Students will also come away from this segment of the unit with critical analysis skills to categorize and discuss concepts of social ethics. In viewing some or all of the films mentioned in this chapter, there are many opportunities to make probing comments for discussion, concepts of right and wrong, doing one's duty, and general ethics, giving students a chance to express personal feelings and attitudes. xi By using film for this purpose, its use will be even more effective with reluctant readers.
Lesson Plan 1
And They Gathered to Drink Tea
Goal: Students will be introduced to appropriate responses and interaction with literature and films that include Muslims and the Islamic faith as seen in varied countries of Africa, as well as in the African-American Orthodox Islam tradition.
Objectives: PA State Academic Standards for Reading, Writing, Speaking and Listening 1.1.11.D, .E, .F, & .G; 1.3.11.A, .D, .E, & .F; 1.6.11.A, .B, .C, .D, .E, & .F; 1.7.11.B & .C. PA State Academic Standards for History 8.1.12.C, & .D. PA Academic Standards for Arts and Humanities 9.1.12.C, .E, .F, & .I; 9.2.12.A, .B, .D, .E, .F, .G, &.J; 9.3.12.A, .C, & .D; 9.4.12.B, & .C.
Materials: Islamic children's short story or simple poem; 3 x 5 index cards (colored preferred); unsweetened iced tea (room temperature); sugar cubes; small (4 oz.) paper cups
Audience: This lesson can be utilized in the honors, advanced, learning support or AP English Language Art classes. It can be adapted to also accompany a unit in a history, civics, and a political science classroom environment.
Procedure: This lesson can be done in a 45-55 minute period over two days. Students will be given an invitation to join a family for tea on the previous day of class. Invitations will be colored to represent which branch of Islamic faith they will eventually represent. On the back of each invitation there will be one word or one phrase rendered from the text that is representative of the subject of Muslims and the Islamic faith. The invitation will instruct students that upon entry into the class he/she will only be allowed to say the word or phrase that has been written on the back of their invitation card until instructed to speak other words.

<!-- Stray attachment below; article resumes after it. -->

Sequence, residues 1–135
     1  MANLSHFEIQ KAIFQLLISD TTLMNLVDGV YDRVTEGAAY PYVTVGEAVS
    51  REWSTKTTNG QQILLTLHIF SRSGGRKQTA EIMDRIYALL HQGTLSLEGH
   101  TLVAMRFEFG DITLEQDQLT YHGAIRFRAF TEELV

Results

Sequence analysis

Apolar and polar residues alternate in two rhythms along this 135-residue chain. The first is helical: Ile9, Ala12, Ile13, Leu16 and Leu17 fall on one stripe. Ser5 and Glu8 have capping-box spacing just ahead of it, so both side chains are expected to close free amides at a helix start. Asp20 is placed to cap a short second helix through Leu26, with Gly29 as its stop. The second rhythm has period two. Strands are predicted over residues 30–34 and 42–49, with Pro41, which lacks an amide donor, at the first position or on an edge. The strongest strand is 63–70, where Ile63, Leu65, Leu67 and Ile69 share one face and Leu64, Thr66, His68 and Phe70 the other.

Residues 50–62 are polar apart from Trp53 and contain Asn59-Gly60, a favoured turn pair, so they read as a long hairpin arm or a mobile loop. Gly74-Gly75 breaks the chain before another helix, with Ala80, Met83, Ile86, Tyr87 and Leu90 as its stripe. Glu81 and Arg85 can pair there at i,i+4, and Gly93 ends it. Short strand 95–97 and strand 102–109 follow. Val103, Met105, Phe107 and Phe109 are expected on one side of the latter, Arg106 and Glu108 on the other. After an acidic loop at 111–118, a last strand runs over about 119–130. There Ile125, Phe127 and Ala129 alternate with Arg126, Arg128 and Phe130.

Prior to students entering the classroom the teacher must prepare the room. It is preferred that desks be formed in circles, small or large. Music should be played from a region of African Islamic tradition. Cups and tea (in a pitcher) should be placed on a tray, and the cubes of sugar in a small bowl for students to take as they are served in the small cups. On the board, write down any norms that the group needs to consider as they participate in the activity. Upon students' arrival the teacher will check invitations and the word/phrase must be said to enter the room. Students may need to be reminded that everyone they speak to, they must only say their word/phrase — no other dialogue should occur. Once everyone is settled and all become excited by the repetition of the vocabulary, the teacher can begin by serving him- or herself tea (modeling the use of cubed sugar, placed in the mouth and chewed, followed by a swallow of tea or vice versa). The teacher can serve students and discussion can occur only about the vocabulary (Think-Pair-Share). Next, the reading of the chosen novel or poem should commence. A reader can be chosen prior or the teacher can read aloud the chosen text. After the reading, students will be assigned as homework to briefly respond by writing about the classroom experience in K-W-L format. The next day, students will share ideas expressed in their writing. Discussions, as well as, question and answer sessions will follow giving way into the bulk of the subject matter via either text or film.